By Maxine Clayman
The magazine industry may be forced to impose harsh restrictions on
newsprint use because of a strike by paper mill workers in Finland.
With Finnish paper mill lock-outs in their sixth week over
negotiations for new working conditions, there is concern about the
supplies to the UK, with only an estimated four to six weeks stock
As supplies diminish publishers and merchants are
seeking alternative sources to the Finns, who, at around 32 per cent,
are the main supplier of the paper used in the magazine industry.
have already been issued with regards to supplements being planned for
the next few weeks and there could be a heavy reduction on pagination
for glossy titles. Andy Scott, paper editor for PrintWeek, believes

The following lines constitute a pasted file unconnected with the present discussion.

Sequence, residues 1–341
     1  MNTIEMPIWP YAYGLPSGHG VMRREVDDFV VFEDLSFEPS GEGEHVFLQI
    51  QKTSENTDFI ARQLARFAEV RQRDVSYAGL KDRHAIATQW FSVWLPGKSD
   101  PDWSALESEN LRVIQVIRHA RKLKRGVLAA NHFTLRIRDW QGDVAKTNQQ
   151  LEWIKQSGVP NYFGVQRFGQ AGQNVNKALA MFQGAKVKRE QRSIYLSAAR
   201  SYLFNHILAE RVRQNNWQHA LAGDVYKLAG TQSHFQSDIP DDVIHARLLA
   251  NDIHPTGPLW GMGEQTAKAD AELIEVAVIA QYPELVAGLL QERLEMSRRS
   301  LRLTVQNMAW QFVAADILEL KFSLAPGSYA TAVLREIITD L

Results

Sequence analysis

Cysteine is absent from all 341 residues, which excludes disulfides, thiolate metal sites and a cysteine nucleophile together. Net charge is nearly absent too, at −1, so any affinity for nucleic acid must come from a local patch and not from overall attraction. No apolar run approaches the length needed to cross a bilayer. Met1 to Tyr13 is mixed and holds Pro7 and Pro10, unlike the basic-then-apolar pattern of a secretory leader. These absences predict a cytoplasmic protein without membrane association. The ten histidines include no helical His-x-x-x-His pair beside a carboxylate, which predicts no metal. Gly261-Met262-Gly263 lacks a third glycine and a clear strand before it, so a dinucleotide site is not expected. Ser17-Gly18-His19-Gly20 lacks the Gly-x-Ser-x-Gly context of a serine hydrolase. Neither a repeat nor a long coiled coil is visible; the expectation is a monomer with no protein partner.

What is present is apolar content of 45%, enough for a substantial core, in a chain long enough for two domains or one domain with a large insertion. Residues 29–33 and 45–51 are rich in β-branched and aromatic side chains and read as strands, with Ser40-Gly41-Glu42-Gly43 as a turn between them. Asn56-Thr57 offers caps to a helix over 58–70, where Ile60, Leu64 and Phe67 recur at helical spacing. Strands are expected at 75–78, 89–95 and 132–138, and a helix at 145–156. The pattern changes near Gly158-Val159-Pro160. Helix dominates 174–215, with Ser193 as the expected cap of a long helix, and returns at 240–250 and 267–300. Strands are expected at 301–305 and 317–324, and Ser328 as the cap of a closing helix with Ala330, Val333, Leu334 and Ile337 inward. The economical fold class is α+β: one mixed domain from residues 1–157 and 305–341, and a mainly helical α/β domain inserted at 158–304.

there could be further knock-on effects.
“Not only could
supplements fall by the wayside for the time being, we may see some
customer magazines – titles that are less frequent, fold
completely,” he said.
“Because the strike has been extended
we can write off the first two weeks in August. We won’t get any paper
coming in until then. If it carries on into early July it will be very
serious and we really will be panicking.”
According to Scott it
could also cause problems for the Finns in the long-term. “People are
looking to Italy, Germany, Sweden and North America, wherever possible,
to meet customer needs. If you get a printer happy with a comparable
grade and the quality of the magazine produced afterwards they could
lose business,” he continued.
“In Finland being a paper worker is
quite a prestigious job. There’s a lot of resentment against them in
Finland for turning the latest offer down.”
He said major paper suppliers like UPM, Stora Enso and NJ have already announced plans for increasing investment in China.
The type of paper affected by the strike is mainly used by magazines – newspapers are not expected to be as badly hit.